James Anderson salvages some hope for England
After another batting collapse, the visitors managed to fight back in second innings
James Anderson of England appeals for the wicket of Steve Smith of Australia during day three of the second Test match during the 2017/18 Ashes Series. Photo: Ryan Pierse/Getty Images
Australia 442-8dec and 53-4; England 227 all out
By dinner time on Monday the match was won for Australia; by supper time, a mythical feast in these parts since the cricket just keeps on giving, there was just a glimmer of hope on what had, until then, been another grim day for England. Australia possessed a mammoth first innings lead of 215. As darkness began to fall they had the perfect opportunity to bowl again just when the demons come out here.
Instead they followed the modern wisdom of never enforcing the follow on despite the chameleon nature of the new Adelaide Oval. The ball darted around in the darkness as promised when England could have been batting a second time. Presumably an ologist of some sort had counselled against that follow-on.
Now batting against Jimmy Anderson and Chris Woakes with a new pink ball was a trial. Australia finished the day on 53-4 with a very substantial lead of 268. Had England been batting surely we would already be contemplating Perth.
Anderson, who bowled 11 overs on the trot soon found the edge of Cameron Bancroft’s bat. Then Usman Khawaja was lbw but what gave the assembled Barmies in front of the old scoreboard something to sing about were the dismissals of David Warner and Steve Smith in swift succession. Warner was snapped up at second slip, Smith was lbw despite reviewing – 15 minutes earlier he overturned by a millimetre or two another lbw decision off Anderson. Suddenly the game was no longer a foregone conclusion.
For the first two sessions we were visited by the ghost of Ashes past: a rampant Australian side were never stretched despite unusually benign conditions for batsmen – in daylight. No English batsman could prevail, which meant that Craig Overton, batting at nine on his Test debut, was the top scorer with 41 not out. It should not have been beyond England to bat for much longer and to score many more than 227. The pitch was blameless during those two sessions especially as the ball softened.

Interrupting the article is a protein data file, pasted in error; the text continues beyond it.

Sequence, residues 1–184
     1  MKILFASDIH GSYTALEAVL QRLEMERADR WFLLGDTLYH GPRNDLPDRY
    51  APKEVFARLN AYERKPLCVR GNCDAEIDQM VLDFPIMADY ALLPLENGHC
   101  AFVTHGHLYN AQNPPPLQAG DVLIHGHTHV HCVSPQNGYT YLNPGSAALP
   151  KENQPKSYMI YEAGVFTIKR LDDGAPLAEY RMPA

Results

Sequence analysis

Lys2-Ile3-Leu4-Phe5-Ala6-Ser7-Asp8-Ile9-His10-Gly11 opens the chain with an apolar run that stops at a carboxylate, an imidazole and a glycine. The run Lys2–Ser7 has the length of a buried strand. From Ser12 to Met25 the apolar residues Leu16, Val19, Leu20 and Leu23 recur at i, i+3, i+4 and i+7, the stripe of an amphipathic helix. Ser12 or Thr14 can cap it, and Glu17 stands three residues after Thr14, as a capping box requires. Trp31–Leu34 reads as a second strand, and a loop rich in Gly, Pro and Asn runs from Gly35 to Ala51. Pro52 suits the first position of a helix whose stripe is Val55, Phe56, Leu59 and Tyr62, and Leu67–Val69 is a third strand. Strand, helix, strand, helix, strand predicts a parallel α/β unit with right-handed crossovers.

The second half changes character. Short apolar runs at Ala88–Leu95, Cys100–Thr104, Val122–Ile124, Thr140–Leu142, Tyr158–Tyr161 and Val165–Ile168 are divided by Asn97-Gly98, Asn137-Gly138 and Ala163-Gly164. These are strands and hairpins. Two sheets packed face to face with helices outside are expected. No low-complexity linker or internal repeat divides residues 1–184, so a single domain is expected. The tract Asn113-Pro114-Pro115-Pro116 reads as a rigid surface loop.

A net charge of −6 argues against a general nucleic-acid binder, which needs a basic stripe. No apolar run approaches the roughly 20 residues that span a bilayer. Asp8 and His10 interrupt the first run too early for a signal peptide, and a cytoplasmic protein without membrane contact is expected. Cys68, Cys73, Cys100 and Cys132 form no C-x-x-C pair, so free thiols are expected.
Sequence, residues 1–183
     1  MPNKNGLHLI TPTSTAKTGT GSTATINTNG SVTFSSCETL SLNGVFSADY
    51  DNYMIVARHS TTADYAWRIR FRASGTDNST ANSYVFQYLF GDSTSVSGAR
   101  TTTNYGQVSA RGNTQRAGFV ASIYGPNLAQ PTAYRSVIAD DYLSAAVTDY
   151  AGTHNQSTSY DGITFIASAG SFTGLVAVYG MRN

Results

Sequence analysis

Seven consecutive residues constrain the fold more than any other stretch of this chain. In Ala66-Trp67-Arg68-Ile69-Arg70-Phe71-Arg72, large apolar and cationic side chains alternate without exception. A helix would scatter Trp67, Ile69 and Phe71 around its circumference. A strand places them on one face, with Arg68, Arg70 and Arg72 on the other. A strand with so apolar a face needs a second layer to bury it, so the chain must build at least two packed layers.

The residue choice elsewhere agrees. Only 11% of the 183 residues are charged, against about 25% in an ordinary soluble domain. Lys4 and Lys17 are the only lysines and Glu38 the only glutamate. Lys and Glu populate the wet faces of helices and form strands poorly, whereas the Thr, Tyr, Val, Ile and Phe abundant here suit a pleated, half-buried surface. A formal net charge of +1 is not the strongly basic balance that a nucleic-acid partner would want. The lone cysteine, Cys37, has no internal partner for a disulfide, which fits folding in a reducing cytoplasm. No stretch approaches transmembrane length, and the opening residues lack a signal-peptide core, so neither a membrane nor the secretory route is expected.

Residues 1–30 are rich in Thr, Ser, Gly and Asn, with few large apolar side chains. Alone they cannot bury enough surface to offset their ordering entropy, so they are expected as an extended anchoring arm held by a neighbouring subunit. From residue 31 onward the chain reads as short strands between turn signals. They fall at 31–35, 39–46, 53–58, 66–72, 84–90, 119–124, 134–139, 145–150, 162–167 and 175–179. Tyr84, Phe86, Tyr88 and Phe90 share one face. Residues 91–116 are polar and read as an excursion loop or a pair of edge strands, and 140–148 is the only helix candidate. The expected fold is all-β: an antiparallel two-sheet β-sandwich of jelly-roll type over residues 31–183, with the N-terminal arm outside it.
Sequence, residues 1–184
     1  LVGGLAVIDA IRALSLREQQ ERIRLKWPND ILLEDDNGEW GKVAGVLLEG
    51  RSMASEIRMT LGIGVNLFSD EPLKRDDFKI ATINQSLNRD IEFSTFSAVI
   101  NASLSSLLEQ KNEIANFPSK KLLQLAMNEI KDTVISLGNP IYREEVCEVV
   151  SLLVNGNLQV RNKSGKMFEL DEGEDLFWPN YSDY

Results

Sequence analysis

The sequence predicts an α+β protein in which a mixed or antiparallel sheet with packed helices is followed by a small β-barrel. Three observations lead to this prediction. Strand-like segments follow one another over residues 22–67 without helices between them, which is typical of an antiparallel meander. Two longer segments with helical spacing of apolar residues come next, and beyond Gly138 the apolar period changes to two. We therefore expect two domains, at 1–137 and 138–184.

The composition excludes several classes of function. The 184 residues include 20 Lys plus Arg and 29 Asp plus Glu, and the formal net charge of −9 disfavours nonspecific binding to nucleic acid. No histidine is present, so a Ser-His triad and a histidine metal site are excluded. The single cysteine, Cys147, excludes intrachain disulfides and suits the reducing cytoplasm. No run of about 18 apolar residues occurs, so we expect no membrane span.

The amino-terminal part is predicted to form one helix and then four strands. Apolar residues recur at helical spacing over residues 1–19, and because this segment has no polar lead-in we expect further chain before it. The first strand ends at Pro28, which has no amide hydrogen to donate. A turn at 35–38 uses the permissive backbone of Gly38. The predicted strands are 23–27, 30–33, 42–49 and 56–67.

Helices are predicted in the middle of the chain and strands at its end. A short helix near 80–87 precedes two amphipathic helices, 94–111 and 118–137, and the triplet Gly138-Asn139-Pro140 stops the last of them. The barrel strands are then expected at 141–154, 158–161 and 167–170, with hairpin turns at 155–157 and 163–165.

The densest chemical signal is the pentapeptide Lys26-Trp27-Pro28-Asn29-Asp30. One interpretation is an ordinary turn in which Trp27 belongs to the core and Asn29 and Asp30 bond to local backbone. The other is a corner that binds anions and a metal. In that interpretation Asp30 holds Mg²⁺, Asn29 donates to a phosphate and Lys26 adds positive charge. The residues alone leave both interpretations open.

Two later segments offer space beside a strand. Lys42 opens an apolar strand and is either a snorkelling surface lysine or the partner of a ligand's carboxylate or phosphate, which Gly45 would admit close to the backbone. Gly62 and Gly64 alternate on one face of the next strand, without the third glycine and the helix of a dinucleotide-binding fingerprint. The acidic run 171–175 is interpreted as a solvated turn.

James Vince fell in the second over of the day in the most naive of ways. This is Australia; the ball bounces higher than at the Ageas Bowl. A nondescript short of a length delivery wide of off stump enticed him to play a back foot force away from his body and the edge carried nicely to Tim Paine.
So Joe Root, restless and bristling, was early to the crease. As ever he was off and running briskly. Who knows whether he feels a peculiar pressure - but those looking on sense that everything hinges upon him, which is a mighty burden in Australia? As captain of a beleaguered side he may be over-eager to impose himself.
Pat Cummins had the wit to bowl full and fast, inviting the drive. The delivery looked to be in the slot but Root leant back as he drove, perhaps trying to hit the ball too hard. The ball was sliced to third slip, where Bancroft took the catch.
The departure of Root galvanizes any side. Now despite the benign surface it was an agonizing struggle for England. Dawid Malan did his best to dig in; he successfully reviewed when given out lbw to Mitchell Starc; he might have been run-out if Bancroft’s throw had hit the stumps.
Meanwhile Alastair Cook had batted with composure against the pacemen, the timing of his footwork more assured than in Brisbane. But he is more fallible against off-spinners now. He received a good ball from Nathan Lyon, which spun just enough, but his bat was still on the move as he tried to defend, which guaranteed that there was enough momentum on the ball to carry gently to slip.
Next to go was Malan to the first ball of a new spell from Pat Cummins, which took his inside edge. By now Lyon was well into his spell and he had not bowled a ball to a right-handed batsman until his 11th over when Jonny Bairstow took strike against him.
In the afternoon session there were three consecutive caught and bowled dismissals; the last known instance of that is believed to have been at Headingley in 1962 when England were playing Pakistan. However the dismissals of Peter Parfitt, Fred Titmus and John Murray did not have such a damaging impact on England’s victory chances on that occasion.
Moeen Ali was the victim of a slower, flighted delivery from Lyon, which provoked a leading edge and a spectacular diving catch. Soon after Bairstow drove at Starc and the lanky left-armer stuck out his right-hand, juggled the ball briefly before calmly clutching it. The Australians were buzzing in their brand new backyard.
The plucky 66 run partnership between Chris Woakes and Overton was the solitary consolation – and an unexpected bonus. Overton had posted three consecutive ducks on this tour and Woakes has not been in spectacular form.
This pair remained calm when confronted by the promised bumper barrage, ducking dutifully, deflecting deftly until Smith and his bowlers decided to revert to a more traditional length. Then the short ball had a surprise element again, which may have accounted for a miscued pull by Woakes that gave Starc the simplest of the caught and bowled of the trio.
Lyon happily finished off the innings after dinner to become the leading wicket-taker in Test cricket in 2017 with 55. Overton was left unbeaten and the highest scorer – there would have been good odds on that even in Instow, where they must be thrilled how he has shown such a relish for the fight. – Guardian service